Many people refer to all letters including written, drawn or computer generated letters as ‘Typography’. This term seems to suggest that letters come ready-made from catalogs and the only need to be inserted into an artwork before printing.
A vital way of communication has always been the letter-form. The main function of lettering is that of conveying verbal information. The way typography is set up is very significant to get across particular meanings, this all depends on the composition within a space and this will therefore determine the relative impact on how they are understood.
Letters do not always have to be readily available. They can also be found in diverse places and objects, like streets and discarded scrap. Mervyn Kurlansky (Co-founder of Pentagram London) discovered an entire alphabet in the tools of his design studio. Hand lettering, which include graffiti including writings of insolent messages, scribbling, scratched, painted etc are made for the specific reason of readability and therefore stand for the sole purpose to communicate and translate a particular meaning to the viewer. Letters can become abstract shapes or symbols with something more than the immediate significance of the content.
In my booklet, the letters themselves have been used as images and these can easily be related to other elements in the overall design. Humor, irony, surprise and other responses are a further pathway to create contact with the viewers’ attention. The more hand-made the forms appear to be, the more they seem to convey a sense of human warmth and intimacy. Occasionally, type forms that are mechanically produced convey a sense of authority and detachment.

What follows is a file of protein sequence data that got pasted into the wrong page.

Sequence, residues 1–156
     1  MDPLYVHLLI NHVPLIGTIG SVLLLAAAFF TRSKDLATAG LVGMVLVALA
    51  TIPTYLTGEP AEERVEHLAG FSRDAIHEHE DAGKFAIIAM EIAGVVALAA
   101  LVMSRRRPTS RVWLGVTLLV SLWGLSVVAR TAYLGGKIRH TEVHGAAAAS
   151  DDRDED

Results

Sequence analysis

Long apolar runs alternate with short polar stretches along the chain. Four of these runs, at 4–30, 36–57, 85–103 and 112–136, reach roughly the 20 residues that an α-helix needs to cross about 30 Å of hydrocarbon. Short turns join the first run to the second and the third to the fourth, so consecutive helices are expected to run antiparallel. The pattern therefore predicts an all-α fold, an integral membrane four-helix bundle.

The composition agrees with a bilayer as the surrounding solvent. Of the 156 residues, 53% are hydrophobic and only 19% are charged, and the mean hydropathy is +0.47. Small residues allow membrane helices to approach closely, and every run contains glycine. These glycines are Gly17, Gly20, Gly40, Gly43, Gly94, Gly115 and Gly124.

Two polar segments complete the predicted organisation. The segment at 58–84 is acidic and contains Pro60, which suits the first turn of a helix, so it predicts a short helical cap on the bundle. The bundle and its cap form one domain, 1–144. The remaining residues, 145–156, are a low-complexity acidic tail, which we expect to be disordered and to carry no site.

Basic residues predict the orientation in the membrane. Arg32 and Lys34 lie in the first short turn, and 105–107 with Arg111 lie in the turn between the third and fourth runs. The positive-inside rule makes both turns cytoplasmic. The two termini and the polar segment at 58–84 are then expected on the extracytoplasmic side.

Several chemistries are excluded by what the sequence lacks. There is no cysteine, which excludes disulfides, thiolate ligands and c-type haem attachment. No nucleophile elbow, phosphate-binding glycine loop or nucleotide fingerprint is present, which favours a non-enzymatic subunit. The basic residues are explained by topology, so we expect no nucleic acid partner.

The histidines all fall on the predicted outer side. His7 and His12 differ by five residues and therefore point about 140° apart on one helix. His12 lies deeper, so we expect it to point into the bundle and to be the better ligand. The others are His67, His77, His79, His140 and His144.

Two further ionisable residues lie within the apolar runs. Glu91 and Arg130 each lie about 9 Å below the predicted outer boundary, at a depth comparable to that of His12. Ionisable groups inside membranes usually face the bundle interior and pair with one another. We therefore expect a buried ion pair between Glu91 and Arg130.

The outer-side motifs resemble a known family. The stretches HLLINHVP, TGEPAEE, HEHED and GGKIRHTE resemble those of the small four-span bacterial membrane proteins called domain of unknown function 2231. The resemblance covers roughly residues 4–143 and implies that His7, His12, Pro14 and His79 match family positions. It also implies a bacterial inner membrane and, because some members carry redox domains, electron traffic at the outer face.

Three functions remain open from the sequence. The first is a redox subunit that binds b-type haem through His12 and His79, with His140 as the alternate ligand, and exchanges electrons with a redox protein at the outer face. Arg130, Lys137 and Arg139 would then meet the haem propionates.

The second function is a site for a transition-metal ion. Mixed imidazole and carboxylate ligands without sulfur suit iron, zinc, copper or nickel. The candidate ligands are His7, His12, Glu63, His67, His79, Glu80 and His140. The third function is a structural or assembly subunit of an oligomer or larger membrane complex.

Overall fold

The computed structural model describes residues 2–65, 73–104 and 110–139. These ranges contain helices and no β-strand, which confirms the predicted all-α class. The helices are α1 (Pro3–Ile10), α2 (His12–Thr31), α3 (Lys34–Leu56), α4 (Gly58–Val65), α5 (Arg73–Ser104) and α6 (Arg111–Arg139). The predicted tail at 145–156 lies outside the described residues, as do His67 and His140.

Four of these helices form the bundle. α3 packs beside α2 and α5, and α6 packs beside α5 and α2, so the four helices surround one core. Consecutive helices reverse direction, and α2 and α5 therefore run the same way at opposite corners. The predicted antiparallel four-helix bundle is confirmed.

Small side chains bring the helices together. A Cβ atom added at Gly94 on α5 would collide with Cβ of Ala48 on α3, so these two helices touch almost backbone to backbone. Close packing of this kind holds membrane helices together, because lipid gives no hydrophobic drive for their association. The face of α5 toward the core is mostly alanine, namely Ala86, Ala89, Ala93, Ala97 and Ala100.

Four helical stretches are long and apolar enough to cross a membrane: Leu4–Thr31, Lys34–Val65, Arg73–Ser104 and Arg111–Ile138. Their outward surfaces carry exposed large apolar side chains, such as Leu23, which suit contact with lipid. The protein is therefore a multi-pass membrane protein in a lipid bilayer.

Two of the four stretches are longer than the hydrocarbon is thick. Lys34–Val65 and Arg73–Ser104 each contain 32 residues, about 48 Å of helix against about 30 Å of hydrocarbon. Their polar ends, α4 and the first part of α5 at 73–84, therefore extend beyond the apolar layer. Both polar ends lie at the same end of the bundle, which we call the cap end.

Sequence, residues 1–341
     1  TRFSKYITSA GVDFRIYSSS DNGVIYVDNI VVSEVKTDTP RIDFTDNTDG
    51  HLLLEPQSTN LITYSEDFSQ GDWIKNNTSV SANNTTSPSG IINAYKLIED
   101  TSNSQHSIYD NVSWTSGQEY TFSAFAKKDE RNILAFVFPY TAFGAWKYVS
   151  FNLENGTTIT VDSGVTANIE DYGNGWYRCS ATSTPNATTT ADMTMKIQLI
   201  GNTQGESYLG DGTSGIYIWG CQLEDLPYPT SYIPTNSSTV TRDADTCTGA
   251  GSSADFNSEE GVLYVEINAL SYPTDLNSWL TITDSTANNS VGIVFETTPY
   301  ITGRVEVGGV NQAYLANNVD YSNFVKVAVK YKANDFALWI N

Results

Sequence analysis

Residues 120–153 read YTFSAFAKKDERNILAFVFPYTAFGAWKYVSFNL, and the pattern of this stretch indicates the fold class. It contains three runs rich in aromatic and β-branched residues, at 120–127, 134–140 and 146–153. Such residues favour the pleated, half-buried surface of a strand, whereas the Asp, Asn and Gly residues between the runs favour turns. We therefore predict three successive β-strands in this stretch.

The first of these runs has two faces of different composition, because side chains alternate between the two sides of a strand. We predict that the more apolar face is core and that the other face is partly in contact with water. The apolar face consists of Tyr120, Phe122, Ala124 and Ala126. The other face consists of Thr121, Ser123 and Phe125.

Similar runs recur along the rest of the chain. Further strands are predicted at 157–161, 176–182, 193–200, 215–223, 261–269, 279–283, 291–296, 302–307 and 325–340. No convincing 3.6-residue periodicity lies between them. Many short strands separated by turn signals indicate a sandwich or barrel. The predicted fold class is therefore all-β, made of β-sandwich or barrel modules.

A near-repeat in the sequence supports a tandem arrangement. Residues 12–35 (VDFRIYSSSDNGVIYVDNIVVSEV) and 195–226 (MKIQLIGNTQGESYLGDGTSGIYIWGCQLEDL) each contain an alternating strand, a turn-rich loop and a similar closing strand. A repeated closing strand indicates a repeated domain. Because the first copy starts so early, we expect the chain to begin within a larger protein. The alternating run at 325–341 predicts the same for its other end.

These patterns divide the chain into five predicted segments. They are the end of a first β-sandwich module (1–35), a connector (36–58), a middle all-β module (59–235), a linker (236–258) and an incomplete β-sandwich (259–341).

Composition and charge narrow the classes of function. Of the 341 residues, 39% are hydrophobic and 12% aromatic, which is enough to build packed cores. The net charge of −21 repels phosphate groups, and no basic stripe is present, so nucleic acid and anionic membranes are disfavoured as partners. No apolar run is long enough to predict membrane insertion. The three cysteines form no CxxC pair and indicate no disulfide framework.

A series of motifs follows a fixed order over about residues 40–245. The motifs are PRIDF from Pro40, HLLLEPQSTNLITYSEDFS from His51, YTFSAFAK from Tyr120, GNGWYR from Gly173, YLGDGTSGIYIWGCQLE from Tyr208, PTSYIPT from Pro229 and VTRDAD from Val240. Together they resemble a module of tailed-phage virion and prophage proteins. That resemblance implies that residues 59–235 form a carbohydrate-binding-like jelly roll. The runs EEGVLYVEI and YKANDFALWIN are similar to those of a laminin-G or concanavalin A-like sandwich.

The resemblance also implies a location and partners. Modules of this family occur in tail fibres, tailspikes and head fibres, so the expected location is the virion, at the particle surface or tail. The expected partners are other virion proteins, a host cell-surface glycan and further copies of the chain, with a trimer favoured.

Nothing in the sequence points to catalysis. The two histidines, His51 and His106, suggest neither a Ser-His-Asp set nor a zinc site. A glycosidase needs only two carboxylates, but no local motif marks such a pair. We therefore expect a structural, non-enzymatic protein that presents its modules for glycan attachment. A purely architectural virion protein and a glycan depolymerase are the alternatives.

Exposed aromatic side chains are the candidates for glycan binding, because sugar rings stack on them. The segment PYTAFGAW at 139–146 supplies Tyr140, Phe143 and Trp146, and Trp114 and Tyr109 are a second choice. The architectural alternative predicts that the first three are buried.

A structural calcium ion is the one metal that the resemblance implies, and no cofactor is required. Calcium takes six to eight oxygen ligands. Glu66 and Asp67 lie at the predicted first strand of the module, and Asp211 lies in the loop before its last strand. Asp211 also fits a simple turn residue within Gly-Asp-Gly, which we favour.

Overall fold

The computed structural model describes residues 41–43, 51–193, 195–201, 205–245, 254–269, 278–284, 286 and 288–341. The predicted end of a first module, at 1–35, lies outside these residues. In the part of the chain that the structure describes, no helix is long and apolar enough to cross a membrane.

Various places were photographed to be included in the booklet these include: old shop signs, door numbers, vignettes, allegory, emblems, pictograms and more. Ordinary places like scrap yards, Maltese buses and walls offered some of the best examples. All these revealed nothing but a collection of curiosities. The photo shots of the type were done in various ways. Sometimes images were divorced from context at times being abstract forms. Interesting shots were achieved keeping in mind the effects on the overall image, how it will appear in the final publication.
This is what creates my booklet ‘Unnoticed Typography’, sets of type camouflaged by their surroundings, or else need to be seen from a different point of view. Simple and apparently uninspiring things are often sufficient for a great detailed image. Walls, fences, doors, peeling paint, weathered stones, torn posters, and graffiti were all subjects that made a good composition. Almost every single letter found had its particular contextual meaning, which narrated a story for its environment.
Hand lettering, by contrast, achieves maximum visual impact, by altering the simple geometry and even texture of found typography make legibility ensured. In some images when deep observation is made on the letters they may be reduced to basic shapes like triangles, rectangles and circles. The letters conceived as a geometric form are occasionally used to produce abstract compositions. Colours and textures play a vital role in establishing the relationship between the environment found in and the typeface itself.
When photographing the images I noticed that although the letters where on discarded materials and unnoticed, they still could be classified and characterised into the two major division of typography, serif and sans serif faces. It was noted that each letter varied frequently because of the surrounding environment which could have influenced the author of the marking.
In my wooden booklet I have managed to expose some interesting letter-forms and topics and I think that my typographic imagery proved wrong the contention that letters come ready made from catalogues.